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In 2018, the city made an unconventional call to buy a shuttered skydiving facility in East Village in hopes of transforming it into a homeless service hub.
In the latest chapter of our series following up on stories that once made big headlines, our Lisa Halverstadt checked in on the facility now known as the homelessness response center.
Halverstadt reports the East Village facility is now drawing a constant flow of homeless residents seeking aid after a rocky start that included an avalanche of skepticism from folks including now-Mayor Todd Gloria and the departure of the nonprofit initially selected to operate the center.
The San Diego Housing Commission, which now directly oversees the center, reports workers there helped directly move 108 people into permanent or longer-term housing during the 14-month period after it reopened in May 2021.
But the future of the homelessness response center is uncertain.
While a Housing Commission executive said the facility has been a worthwhile addition to the city’s efforts to combat homelessness, the Gloria administration has been digging into the effectiveness of the model and whether the facility could be repurposed. (Spoiler alert: Two large wind tunnels that remain in the building do complicate matters!)
California’s Pre-K Expansion Skipped After School Care
Monday marked the start of California’s $2.7 billion expansion of its “transitional kindergarten” program, which leaders expect to cover all four-year-olds in the state by 2025. Gov. Gavin Newsom spent some time in Washington, D.C. this summer touting it as an example of the state’s forward-thinking approach to education.
There are now twice as man transitional kindergaten classes across San Diego Unified School District schools as there were last year; there are also twice as many families on waiting lists for the afterschool programs that working families rely on, reports Claire Trageser, a KPBS investigative reporter.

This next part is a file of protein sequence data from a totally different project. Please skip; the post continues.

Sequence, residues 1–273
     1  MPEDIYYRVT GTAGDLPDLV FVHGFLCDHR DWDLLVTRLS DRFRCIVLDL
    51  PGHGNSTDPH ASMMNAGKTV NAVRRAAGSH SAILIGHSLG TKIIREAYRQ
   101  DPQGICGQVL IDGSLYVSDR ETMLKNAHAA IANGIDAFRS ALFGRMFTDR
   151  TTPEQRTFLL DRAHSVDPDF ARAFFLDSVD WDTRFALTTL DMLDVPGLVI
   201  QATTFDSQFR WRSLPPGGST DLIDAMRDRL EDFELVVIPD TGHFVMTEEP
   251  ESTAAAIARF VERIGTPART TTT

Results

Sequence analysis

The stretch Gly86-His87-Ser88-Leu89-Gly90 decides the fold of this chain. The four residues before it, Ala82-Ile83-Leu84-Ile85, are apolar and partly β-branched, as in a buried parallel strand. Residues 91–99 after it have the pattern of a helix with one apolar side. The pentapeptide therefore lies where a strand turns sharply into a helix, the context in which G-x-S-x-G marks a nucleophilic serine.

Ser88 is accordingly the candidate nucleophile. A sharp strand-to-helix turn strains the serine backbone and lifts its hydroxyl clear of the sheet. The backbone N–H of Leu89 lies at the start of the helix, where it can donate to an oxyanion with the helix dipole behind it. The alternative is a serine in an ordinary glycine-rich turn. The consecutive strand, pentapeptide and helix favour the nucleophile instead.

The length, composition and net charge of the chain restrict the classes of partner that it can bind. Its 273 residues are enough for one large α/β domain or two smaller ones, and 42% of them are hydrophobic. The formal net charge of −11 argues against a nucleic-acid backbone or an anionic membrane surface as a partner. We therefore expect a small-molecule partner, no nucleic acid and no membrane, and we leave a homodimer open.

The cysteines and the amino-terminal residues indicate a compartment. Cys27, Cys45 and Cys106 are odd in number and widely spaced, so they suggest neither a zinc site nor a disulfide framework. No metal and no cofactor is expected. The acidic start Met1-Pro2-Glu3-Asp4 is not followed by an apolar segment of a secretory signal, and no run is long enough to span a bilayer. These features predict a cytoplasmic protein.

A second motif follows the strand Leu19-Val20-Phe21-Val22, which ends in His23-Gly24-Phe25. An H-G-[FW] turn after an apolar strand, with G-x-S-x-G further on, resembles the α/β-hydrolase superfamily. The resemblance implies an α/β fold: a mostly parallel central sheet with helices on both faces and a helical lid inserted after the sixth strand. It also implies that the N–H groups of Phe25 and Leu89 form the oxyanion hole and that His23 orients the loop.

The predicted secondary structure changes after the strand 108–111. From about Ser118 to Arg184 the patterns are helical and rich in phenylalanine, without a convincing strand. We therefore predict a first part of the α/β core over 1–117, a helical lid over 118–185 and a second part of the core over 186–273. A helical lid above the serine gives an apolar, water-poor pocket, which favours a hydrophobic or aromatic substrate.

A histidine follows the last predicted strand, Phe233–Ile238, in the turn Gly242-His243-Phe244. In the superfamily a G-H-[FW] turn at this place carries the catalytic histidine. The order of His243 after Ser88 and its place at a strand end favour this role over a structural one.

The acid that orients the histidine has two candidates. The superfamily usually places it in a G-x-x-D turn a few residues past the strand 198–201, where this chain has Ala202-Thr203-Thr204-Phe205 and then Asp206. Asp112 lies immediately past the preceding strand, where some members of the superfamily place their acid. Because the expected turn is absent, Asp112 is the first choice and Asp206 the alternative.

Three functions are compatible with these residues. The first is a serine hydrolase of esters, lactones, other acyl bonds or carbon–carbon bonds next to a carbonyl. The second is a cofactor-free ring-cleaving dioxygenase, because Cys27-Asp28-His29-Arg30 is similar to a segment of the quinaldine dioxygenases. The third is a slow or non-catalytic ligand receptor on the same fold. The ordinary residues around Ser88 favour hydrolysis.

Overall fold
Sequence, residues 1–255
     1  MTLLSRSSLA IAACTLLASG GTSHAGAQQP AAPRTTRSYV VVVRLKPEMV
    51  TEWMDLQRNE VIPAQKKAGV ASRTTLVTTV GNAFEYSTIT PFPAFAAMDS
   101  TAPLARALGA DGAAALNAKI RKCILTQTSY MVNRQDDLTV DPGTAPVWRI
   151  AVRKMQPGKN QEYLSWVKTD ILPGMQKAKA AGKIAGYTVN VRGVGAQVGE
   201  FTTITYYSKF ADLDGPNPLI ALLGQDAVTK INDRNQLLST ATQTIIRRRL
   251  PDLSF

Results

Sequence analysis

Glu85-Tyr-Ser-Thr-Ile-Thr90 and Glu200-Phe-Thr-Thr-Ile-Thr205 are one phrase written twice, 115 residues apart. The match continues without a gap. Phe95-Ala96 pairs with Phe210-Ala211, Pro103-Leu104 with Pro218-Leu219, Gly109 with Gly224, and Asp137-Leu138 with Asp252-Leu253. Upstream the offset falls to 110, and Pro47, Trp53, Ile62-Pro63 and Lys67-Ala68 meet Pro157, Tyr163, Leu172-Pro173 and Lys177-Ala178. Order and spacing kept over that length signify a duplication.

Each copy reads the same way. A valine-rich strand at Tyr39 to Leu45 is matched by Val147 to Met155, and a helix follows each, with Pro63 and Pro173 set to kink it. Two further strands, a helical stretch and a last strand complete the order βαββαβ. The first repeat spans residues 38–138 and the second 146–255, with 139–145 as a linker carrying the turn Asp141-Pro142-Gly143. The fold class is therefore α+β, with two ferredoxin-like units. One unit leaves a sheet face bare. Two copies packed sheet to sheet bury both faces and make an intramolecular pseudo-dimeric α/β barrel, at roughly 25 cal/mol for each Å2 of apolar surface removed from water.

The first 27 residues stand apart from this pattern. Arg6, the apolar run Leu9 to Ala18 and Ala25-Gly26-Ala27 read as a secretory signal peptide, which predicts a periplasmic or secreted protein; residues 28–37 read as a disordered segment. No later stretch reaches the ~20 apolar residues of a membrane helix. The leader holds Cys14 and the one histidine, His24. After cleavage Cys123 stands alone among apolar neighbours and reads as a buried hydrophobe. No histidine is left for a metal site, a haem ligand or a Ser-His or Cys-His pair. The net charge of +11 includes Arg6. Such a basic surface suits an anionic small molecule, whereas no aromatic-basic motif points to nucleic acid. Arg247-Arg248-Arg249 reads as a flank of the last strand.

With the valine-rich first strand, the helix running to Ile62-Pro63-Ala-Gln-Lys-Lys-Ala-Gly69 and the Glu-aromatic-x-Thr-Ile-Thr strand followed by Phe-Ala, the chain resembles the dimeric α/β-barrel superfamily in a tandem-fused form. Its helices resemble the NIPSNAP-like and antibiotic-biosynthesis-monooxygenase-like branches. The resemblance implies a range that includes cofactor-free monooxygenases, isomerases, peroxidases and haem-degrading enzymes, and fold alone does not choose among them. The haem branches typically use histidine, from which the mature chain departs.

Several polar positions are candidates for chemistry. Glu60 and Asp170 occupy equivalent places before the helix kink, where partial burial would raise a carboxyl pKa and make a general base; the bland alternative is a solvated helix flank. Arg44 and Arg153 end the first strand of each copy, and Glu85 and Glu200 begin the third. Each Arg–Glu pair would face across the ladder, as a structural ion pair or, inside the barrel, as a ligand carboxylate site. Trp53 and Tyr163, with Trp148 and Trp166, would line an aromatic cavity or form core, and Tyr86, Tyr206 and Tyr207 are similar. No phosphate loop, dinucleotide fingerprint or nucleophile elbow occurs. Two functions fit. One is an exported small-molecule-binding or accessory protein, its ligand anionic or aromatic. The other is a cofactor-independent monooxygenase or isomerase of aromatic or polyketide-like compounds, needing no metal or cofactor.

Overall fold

Kim McDougal, executive director of the San Diego YMCA Childcare Resource Services, which offers many afterschool programs, pointed out many afterschool programs aren’t even licensed to take care of some of the younger kids now eligible for transitional kindergarten.
“If we thought of a child and a family in this holistic way, as we should, then we would have looked at what needs to happen for a child across the whole day,” she said. “And we would have had systems that communicated with each other.”
Fast Food Worker Bill Headed to Governor
The California Senate passed AB 257 by a 21-12 vote on Monday. Originally introduced by former Assemblywoman Lorena Gonzalez, the bill establishes a Fast Food Sector Council at the state level to promulgate minimum standards on wages, working conditions and training.
Franchisees and the workers have been lobbying hard all summer. In June, Jesse Marx attended a protest outside the headquarters of Jack in the Box, where more than a dozen people got arrested to raise awareness of their cause. They pointed to research showing that fast food worker households tend to fall below the poverty line and report wage theft or health and safety violations while on the job.